Dn Wednesday evening last, a young woman
named Mary A. Douley, shot one Patrick Can-'
ney, a grocer, whom she alleged had seducet
her under a promise'of marriage.. The weapon
used was a pistol loaded with two balls, each of
which produced a wound, nither of them how
aver are likely to prove fatal.
Z3"' A Western Baptist paper has received
vn article advocating the duty of washingfeet,
is an ordinance of the church. The writersaya
-"If they ueed washing, they certainly ought.
to be washed."
jE"SHOCItNG MURDER.-Last Wednesday
veniug, Mr. Wade, on returning to his home at
Iait's Creek, Madison canty, Ky., found Wm.
B. Margrave, whom he d reason to suspect of
too much intimacy with his wife, closeted with
that lady. He ordered Margiave to quit, which
the latter refused to do, when a tussel ensued,
md Margrave, aided by Mrs. Wade, beat the
iusband with barrel staves to death. The guil
Ly couple then fled, and had not been arrested
it last accounts.
E_ The Indians are now doing a smashing
>usiness in manufacturing hoops for ladies'
lresses our of basket-stuff. The red ladies have
Llsoadopted the fashion in its gi-eatest.amplilide.
ZW Tm RIGHT UsE OF THE ErEs.T-An
talian bishop, who had endured much persecu-.
ion with a calm,'unrufled temper, was asked
ow he attained such a mastery over himself.
Bfy making a right use of mny eyes," said he.'
I first look to heaven, as the place where I am
~oing to live forever. I next look down upon,
lie earth, and consider how small a space of it
vill soon be all that 1 can occupy or want. I
hen look around me, and think how many are'
ar more wretched than 1 am."'
LT A celebrated divine, wishing a large
o'llection at the conclusion of a charity sermon,
hiscoursed in the following style upon the beaue -
y and efficacy of that chartdhich works si
ently and unmheralded to the world:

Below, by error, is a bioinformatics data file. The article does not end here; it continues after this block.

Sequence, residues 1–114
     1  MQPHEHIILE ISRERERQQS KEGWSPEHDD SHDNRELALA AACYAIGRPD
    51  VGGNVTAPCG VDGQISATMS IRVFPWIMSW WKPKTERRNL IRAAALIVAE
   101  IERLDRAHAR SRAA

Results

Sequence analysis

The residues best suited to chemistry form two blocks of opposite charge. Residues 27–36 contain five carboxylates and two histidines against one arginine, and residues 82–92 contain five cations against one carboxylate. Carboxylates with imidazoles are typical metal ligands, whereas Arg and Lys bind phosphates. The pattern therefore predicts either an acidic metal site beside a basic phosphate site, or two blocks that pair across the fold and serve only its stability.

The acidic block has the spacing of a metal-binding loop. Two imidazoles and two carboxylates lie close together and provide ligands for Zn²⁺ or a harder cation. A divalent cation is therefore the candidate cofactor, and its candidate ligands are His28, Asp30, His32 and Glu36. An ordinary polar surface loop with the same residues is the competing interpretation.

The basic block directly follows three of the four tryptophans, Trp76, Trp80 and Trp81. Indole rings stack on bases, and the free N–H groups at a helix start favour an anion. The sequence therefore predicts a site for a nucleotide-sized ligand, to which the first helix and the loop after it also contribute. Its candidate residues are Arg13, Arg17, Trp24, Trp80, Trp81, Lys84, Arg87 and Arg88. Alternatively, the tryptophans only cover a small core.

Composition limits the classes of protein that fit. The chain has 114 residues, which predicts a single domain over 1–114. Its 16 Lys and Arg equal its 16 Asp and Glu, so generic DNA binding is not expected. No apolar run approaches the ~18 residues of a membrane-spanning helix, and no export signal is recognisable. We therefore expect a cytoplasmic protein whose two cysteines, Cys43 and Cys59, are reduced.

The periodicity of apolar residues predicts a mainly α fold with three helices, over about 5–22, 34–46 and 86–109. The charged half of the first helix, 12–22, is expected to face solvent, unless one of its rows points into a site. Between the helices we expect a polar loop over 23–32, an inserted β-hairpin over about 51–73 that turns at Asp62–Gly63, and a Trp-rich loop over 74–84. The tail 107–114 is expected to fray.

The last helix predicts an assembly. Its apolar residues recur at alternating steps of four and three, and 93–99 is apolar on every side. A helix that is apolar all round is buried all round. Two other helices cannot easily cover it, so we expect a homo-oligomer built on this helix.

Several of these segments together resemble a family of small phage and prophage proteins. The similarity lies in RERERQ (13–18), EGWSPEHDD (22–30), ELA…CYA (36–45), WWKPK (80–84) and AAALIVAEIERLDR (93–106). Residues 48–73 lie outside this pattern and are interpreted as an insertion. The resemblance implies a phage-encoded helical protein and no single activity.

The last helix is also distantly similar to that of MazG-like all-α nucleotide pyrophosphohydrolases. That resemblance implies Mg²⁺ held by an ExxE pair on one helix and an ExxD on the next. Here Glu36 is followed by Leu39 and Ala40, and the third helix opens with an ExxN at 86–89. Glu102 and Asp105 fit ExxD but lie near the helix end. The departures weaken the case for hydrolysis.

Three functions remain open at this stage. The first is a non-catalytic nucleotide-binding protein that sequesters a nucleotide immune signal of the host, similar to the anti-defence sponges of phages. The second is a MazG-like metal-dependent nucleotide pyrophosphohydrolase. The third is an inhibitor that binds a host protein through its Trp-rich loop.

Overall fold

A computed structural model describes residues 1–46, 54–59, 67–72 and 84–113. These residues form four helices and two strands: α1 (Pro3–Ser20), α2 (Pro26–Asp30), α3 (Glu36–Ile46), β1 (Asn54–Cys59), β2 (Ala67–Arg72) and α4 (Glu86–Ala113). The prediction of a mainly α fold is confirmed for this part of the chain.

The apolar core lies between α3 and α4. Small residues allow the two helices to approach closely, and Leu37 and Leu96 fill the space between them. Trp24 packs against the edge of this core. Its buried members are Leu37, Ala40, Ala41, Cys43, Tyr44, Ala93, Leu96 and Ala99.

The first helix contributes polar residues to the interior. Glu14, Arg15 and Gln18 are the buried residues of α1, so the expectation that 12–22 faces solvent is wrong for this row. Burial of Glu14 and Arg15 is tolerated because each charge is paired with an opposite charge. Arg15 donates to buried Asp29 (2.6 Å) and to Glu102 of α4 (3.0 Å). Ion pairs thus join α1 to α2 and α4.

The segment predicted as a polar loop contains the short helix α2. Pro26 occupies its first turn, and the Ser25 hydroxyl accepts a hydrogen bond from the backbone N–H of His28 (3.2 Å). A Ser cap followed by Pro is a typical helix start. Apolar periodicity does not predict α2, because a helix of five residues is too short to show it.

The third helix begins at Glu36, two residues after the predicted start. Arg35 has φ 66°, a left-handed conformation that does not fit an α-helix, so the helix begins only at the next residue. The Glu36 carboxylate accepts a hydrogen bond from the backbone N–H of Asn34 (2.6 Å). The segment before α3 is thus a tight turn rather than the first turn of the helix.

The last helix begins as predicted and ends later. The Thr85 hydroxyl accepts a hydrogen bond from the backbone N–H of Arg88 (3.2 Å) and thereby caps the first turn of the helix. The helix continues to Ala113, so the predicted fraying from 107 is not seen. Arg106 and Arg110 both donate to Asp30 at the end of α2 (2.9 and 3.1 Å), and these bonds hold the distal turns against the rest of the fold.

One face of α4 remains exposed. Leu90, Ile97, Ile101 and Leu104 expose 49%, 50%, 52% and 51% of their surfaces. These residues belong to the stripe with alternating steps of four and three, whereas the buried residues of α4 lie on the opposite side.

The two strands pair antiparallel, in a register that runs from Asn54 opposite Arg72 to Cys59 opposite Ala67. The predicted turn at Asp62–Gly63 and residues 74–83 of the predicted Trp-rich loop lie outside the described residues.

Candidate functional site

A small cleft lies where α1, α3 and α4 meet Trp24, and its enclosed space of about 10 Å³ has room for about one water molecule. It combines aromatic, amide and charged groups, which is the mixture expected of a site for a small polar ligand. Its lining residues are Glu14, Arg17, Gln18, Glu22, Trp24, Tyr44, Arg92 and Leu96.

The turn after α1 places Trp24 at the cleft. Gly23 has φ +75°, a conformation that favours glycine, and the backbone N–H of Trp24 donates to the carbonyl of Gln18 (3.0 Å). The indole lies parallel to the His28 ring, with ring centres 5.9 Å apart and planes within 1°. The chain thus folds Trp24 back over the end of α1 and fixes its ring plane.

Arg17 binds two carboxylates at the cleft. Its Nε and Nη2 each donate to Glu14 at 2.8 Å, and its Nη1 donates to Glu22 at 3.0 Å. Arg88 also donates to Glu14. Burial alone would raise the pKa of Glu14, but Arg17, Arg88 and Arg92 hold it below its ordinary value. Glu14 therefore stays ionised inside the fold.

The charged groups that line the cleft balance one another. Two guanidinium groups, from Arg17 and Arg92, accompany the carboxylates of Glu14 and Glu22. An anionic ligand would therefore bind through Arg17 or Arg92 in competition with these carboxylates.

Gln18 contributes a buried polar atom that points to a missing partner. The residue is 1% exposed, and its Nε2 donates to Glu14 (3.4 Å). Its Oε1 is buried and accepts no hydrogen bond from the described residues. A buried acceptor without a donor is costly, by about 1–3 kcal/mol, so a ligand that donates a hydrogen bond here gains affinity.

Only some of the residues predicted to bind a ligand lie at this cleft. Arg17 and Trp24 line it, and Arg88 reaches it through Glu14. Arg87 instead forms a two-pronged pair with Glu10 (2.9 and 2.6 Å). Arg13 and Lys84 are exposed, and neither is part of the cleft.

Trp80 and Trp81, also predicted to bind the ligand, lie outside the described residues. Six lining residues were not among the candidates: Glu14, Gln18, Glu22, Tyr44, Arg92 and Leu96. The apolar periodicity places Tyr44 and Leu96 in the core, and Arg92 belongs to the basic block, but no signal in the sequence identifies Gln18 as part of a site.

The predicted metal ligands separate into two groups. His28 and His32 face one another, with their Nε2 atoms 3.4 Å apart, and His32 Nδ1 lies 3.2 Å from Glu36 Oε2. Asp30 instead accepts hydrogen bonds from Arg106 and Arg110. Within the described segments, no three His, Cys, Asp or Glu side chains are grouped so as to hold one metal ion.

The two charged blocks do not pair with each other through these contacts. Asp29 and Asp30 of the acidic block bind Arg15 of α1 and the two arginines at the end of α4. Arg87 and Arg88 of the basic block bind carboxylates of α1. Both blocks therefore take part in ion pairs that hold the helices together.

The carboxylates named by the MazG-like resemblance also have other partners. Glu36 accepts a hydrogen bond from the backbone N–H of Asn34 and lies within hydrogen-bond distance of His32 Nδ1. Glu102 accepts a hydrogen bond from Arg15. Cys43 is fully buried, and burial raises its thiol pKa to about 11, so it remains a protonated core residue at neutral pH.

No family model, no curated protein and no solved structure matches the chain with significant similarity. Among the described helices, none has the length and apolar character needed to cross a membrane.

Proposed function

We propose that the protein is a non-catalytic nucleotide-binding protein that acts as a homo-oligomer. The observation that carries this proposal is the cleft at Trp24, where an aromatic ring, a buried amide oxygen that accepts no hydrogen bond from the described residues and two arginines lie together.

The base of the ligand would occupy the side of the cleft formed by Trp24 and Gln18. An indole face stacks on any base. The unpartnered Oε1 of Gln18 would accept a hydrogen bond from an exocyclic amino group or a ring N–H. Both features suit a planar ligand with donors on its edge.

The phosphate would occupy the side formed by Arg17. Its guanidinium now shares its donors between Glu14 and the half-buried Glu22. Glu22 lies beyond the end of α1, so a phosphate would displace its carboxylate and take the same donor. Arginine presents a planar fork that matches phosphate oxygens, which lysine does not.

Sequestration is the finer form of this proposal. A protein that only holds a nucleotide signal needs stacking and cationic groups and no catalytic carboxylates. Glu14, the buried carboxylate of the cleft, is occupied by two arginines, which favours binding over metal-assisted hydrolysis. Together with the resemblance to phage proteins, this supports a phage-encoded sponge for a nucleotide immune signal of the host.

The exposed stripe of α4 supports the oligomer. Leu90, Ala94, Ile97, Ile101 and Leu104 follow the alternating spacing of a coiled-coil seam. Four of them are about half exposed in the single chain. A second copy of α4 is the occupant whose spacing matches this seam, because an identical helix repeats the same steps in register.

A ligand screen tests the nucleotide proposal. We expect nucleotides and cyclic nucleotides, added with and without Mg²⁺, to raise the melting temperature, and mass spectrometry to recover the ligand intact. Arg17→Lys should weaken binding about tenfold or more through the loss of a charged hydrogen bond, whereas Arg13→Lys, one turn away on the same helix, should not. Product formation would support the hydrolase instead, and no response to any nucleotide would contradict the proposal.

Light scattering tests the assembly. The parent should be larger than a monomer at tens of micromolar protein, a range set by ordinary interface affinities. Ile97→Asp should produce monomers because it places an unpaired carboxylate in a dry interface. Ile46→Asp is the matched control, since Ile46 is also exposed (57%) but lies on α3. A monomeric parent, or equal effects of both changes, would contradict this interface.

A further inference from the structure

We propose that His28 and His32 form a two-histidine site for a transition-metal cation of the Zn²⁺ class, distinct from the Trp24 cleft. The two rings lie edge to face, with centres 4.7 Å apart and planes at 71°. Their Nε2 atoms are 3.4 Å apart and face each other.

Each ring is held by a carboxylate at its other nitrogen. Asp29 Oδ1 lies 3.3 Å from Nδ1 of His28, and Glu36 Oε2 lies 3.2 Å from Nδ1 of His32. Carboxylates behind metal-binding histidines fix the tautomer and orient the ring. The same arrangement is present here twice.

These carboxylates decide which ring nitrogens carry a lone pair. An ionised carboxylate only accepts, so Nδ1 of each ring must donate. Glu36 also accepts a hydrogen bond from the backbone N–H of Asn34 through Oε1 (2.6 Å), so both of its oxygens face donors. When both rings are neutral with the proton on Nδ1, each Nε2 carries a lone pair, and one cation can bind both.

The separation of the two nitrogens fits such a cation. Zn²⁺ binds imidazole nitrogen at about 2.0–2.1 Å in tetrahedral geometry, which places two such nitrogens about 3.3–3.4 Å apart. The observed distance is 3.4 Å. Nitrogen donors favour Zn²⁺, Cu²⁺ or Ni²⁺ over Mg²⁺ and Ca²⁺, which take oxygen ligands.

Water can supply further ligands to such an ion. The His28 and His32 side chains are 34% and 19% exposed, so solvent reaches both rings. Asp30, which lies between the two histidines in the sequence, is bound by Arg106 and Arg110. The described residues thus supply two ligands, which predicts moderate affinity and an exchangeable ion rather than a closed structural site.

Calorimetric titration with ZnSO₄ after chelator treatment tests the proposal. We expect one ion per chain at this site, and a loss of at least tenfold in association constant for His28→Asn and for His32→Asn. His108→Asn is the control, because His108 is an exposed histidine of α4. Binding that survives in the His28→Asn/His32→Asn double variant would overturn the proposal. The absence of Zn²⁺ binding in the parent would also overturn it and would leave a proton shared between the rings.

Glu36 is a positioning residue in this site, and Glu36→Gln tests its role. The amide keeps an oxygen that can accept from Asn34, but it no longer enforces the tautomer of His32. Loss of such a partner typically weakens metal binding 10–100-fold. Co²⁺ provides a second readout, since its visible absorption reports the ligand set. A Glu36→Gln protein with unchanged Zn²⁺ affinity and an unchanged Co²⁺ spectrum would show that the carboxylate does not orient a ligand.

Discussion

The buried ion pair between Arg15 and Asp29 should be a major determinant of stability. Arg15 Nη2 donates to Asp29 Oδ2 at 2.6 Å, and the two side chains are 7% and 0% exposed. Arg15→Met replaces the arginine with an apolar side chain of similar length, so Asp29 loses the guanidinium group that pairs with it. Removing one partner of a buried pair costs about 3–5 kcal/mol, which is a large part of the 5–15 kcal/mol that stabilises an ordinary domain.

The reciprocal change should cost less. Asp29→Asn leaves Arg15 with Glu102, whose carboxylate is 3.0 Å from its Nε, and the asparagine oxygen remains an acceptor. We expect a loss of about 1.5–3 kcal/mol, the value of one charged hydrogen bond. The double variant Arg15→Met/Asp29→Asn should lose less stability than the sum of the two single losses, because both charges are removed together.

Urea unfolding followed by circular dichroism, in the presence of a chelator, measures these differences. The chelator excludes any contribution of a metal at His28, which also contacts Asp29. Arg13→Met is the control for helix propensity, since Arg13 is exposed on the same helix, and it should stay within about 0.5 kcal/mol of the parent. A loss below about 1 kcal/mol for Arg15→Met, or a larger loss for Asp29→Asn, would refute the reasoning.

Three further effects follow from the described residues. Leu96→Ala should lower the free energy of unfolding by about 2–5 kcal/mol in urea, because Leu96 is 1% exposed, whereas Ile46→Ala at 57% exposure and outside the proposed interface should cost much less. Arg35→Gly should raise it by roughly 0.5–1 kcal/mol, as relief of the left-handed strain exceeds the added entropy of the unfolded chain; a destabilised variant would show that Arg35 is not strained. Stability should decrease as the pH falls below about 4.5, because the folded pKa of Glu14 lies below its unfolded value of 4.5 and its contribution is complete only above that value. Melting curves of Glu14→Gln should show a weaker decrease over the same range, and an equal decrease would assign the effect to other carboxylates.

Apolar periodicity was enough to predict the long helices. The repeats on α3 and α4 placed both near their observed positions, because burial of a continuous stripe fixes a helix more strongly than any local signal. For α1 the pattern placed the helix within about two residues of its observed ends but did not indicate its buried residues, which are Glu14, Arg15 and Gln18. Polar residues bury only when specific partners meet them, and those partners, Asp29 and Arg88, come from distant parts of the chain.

" I have often remarked, as the contribution
Sbeing taken up, that the silver pieces tumble
ato the box with a great noise, while the paper
noaney drops in silently as the fallig of a snow
ET A man, traveling with his wire, saved
aimseif in a railroad collision, but she was
Lilled. When lie reached home, he udssed his -
nnbrella, and applied to the directors for it;
,ut it was not comeatable-none of them had
een it. And now, in speaking of the accident,
ae always says,
" Yes, on that day I lost a bran new umbrel
a and my wife."
3T Let not thy will roar, when thy power
lan but whisper.
Er When day breaks, what becomes of the
EF "1f you wish to make a shoe of durable
naterials," said the facetious Lanesburg, "you
hbould tuake the upper part of the mouth of a
ard drinke4, for that never lets in Water."
$7 A Yankee who lately removed to Wis
onsi, writes to his brother in Massachusetts
hat the section where lie resides is in a highly
>rosperous condition. Ho says but one failure.
ver occured ina his county, and in that case the
nan paid one hundred and twenty-five cent. on
gr Always prepare your table neatly,
whether you have company or not.
37 A faraner sowing his ground, one or
two dlandlies canme riding aldng that way, when
me of them called to him with an insolent air
" Well, honest fellow, it is your business to
mow, but we reap the fruits of your labor." To
which the eountryman replied,
" It is very likely you maay, for I am sowing.
Exit dandies each with hand upon neck. " A
hempen cravat!" as Baillie Jarvie would say.
Z3T One of our exchanges gets slightly
excited, and piles on the "highfalutin" in this
" A grain of carmine will tinge a gallon .of
water, so that in every drop the color wilt be
perceptible: and a grain of musk .will scent a
room twenty years. Just so if~a man cheat the
printer-the stain will be forever visible on the
minute atoms of his minute soul, and will leave
a scent of rascality about an individual strong
enough to make anhonest man turn up his
nose in disgust,and kickhlm outof hispreec,
if hecan't get ridof him any otherway."